August 10, 2011

Berlin Tour and Founder's Reception

The following morning (Friday) I had signed up for the guided tour of Berlin. Since the rest of the weekend is packed with puzzling, this was the only day I really got to see the city. Lots of other folks were on the tour as well, including Dick Hess, Brian Young, and Trevor Wood.

It was great seeing the sights of Berlin, particularly in the company of other puzzle people, since I do enjoy talking about puzzles. We started out on a bus tour that took us by a number of sights including the Berlin Cathedral (right) and some remains of the Berlin wall.

I was surprised by how thin the wall was! Not much more than six inches, I'd say. However it is extremely strong, according to the tour guide. I think it was due to the amount of reinforcing rod used, as you can see a bit in the photo. He said it could stop a tank!

After a while on the bus looking at a number of sights, we finally stopped at one: Charlottenburg Palace. This is the largest palace in Berlin and dates back to the end of the 17th century. Unfortunately, we couldn't take photos inside without buying a permit, but here's a photo of the outside.

After that, we headed over for a riverboat tour, which took us down the river Spree. By this point we were all really hungry, but unfortunately there wasn't any time in the schedule for lunch! Luckily for me, my roommate Stephen had snagged some food from the breakfast buffet which he shared. Thanks again, Stephen! Jeff got a nice photo of me and Stephen below.



After the boat tour, we headed over to the Reichstag building, where the German parliament meets. This was a really beautiful building! It had a magnificent glass dome on the top that we got to walk up into, and there was a great view of the city. Unfortunately it was a bit rainy at this point so my photos didn't turn out very good. Instead, here's a photo of this really cool mirror array in the dome that brings natural light down to the parliament.

That was the end of the tour, so we made our way back to the hotel. At this point it was around 5:30, so I had a few hours to kill before the 7:00 founder's reception. Of course, I decided to head over to the design competition room to get in a bit of puzzling before the reception.

The reception itself was good, I had a chance to chat with a number of puzzlers, though I spent a good bit of time chasing down food. It was only hor devours rather than dinner, so folks were pretty hungry and ended up staking out the location where the waiters were exiting the kitchen. When each one came out, puzzlers descended upon them quite quickly. After getting my fill, I was happy to see that they had brought the design competition puzzles into the room, so I could spend a bit more time working on them. You can see me hunkered down on the window-sill in this nice photo Jeff took.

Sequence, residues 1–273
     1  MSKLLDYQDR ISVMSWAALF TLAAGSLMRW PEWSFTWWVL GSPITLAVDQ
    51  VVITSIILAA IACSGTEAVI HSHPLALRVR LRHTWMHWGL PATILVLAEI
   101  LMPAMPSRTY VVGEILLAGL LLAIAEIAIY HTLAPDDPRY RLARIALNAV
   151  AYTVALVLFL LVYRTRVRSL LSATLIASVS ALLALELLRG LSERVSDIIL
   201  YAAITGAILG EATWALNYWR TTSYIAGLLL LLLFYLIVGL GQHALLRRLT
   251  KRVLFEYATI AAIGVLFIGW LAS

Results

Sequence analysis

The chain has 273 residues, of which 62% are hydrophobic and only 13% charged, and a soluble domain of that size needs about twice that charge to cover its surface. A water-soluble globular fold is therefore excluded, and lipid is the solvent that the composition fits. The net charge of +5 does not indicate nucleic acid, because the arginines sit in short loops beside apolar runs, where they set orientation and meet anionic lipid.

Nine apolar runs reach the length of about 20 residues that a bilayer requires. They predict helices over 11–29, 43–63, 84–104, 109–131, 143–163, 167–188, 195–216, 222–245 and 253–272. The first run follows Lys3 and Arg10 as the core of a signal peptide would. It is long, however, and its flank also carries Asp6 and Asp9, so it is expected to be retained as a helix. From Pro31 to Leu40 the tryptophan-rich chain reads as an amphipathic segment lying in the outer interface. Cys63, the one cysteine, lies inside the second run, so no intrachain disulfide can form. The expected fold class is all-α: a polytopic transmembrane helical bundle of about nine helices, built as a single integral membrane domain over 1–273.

After the reception, they moved the puzzles back to the competition room, where I of course followed them. After another hour or so they closed up the room and I headed back down to the lobby.

In the lobby I ran into the prolific and brilliant puzzle designer Oskar van Deventer, who was showing around some of his newest inventions. The one he is holding looks a bit dull: just two cubes connected by a rod, right? No, this was probably one of the coolest twisty inventions I have seen in a while: The two cubes are connected so if you rotate one face, the other correspondingly colored face rotates! It is called the Dumbbell Cube and you can check out a video demonstration from Oskar here. There is an interesting gear system that drives the whole thing, very cool idea!

Another interesting one is called the Oh Cube (video). It looks more or less like a regular cube with the cuts proportioned somewhat differently, but in fact you twist the corners rather than the faces, as you can see in the photo. The stickers were peeling a bit and getting jammed in the mechanism, so I didn't play around with this one.

Well that's it for now! Next up, the puzzle exchange and banquet.

6 comments:

  1. I do love reading your IPP write-ups Brian! Keep up the awesome work! And the Dumbbell Cube is incredible! I followed the link to see the mechanism and it really is so simple and yet incredibly clever.

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  2. Thanks Oli! Glad you're enjoying them!

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  3. Keep 'em coming Brian, great stuff!

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  4. Re: I was happy to see that they had brought the design competition puzzles into the room
    Thanks for this good article!
    I've seen one of my entries in the 7th photo.
    The main frame is ready-made glass.
    Mechanical puzzle addict

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